With the G-word also comes a family of D-words—denial, denialism, denialists—terms that have been weaponized to intimidate anyone in Canada who publicly notes that the claims made in mid-2021 weren’t supported by facts. Some academics have tried to suggest that anyone who dares scrutinize the 2021-era “unmarked graves” claims should be seen as morally comparable to actual holocaust deniers such as Ernst Zundel, men who rooted their contemptible claims in hateful delusions and conspiracy theories.

Yet attempts to strike broad comparisons between Residential Schools and actual historical genocides were always nonsensical to begin with. Whatever one may think of the assimilationist purposes of these schools, there is no evidence that they were scenes of mass murder, or indeed of any murder.

The same Member of Parliament who led the charge to denounce Residential Schools as genocide has also promoted legislation that would cast Residential-School “denialism”—a vaguely defined category that might even include this essay—as a form of illegal hate speech. Marc Miller, then Minister of Crown-Indigenous Relations, immediately supported Gazan’s proposal (though it has since come to nothing). “Residential school denialism attempts to hide the horrors that took place in these institutions,” his office said.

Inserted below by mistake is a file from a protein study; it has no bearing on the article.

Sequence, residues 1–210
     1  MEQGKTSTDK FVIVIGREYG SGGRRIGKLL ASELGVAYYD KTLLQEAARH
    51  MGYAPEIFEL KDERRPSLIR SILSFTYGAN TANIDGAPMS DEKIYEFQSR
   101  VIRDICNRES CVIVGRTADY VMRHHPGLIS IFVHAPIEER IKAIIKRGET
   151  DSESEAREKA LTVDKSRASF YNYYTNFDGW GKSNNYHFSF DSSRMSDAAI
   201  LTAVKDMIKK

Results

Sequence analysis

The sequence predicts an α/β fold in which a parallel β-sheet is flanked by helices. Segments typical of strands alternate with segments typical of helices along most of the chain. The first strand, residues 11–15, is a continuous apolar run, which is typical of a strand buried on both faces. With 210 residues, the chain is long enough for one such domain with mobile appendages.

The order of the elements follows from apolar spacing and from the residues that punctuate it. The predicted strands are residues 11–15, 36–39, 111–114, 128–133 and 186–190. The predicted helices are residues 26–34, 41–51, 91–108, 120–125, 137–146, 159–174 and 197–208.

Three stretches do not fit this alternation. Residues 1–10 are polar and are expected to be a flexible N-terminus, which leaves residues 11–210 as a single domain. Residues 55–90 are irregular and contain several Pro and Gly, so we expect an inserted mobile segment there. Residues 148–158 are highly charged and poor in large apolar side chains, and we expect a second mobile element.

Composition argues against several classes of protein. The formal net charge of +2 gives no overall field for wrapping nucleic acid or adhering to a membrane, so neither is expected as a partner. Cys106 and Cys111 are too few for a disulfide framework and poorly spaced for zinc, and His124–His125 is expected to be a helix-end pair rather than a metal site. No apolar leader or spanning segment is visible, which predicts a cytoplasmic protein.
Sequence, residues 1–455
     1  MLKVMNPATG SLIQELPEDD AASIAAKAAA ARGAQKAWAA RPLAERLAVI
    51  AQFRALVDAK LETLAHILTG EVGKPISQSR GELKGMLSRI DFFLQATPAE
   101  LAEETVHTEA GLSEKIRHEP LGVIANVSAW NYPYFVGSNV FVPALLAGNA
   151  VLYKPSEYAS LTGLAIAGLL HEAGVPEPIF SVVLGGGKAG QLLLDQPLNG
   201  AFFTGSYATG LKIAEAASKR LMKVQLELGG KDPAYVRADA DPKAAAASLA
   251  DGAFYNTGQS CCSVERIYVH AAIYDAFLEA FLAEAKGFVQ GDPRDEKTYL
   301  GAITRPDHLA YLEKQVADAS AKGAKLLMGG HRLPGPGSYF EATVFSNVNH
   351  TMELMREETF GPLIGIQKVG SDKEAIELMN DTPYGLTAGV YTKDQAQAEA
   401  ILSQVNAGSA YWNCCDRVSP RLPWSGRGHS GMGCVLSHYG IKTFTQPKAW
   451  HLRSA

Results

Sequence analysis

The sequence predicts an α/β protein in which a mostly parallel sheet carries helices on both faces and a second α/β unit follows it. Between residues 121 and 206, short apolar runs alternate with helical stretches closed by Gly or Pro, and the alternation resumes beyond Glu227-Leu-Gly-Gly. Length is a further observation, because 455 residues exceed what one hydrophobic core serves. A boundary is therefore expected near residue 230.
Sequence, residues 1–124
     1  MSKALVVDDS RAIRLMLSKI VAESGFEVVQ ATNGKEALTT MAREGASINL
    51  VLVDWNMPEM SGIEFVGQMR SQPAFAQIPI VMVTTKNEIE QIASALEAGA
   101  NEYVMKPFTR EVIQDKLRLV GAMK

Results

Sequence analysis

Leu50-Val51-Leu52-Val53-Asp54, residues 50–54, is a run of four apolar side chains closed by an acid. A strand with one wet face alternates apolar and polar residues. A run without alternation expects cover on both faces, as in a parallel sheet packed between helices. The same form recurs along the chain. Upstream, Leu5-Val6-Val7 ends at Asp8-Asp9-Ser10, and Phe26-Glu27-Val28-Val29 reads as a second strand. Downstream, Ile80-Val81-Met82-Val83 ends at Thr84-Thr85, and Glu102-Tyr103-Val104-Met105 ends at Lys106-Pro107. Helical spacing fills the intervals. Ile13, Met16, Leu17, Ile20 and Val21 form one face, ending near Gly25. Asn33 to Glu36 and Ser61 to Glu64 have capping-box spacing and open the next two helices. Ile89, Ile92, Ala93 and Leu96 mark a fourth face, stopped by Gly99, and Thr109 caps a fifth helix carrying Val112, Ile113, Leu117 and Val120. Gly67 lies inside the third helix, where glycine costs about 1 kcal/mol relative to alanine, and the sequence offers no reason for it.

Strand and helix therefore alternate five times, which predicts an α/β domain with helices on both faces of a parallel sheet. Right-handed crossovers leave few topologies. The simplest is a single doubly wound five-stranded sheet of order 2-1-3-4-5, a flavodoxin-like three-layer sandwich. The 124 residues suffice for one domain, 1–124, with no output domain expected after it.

In Canada, Asking for Evidence Now Counts as ‘Denialism’
Sensational 2021 claims that unmarked Indigenous child graves had been discovered in British Columbia now seem doubtful. But saying so may soon be a criminal offence

Even more significant was a statement by David Lametti, then the Minister of Justice, to the effect that he was “open” to considering “legal mechanisms as a way to combat Residential School denialism”—as recommended by Kimberly Murray, the woman who’d been named as the “Independent Special Interlocutor on Unmarked Graves.”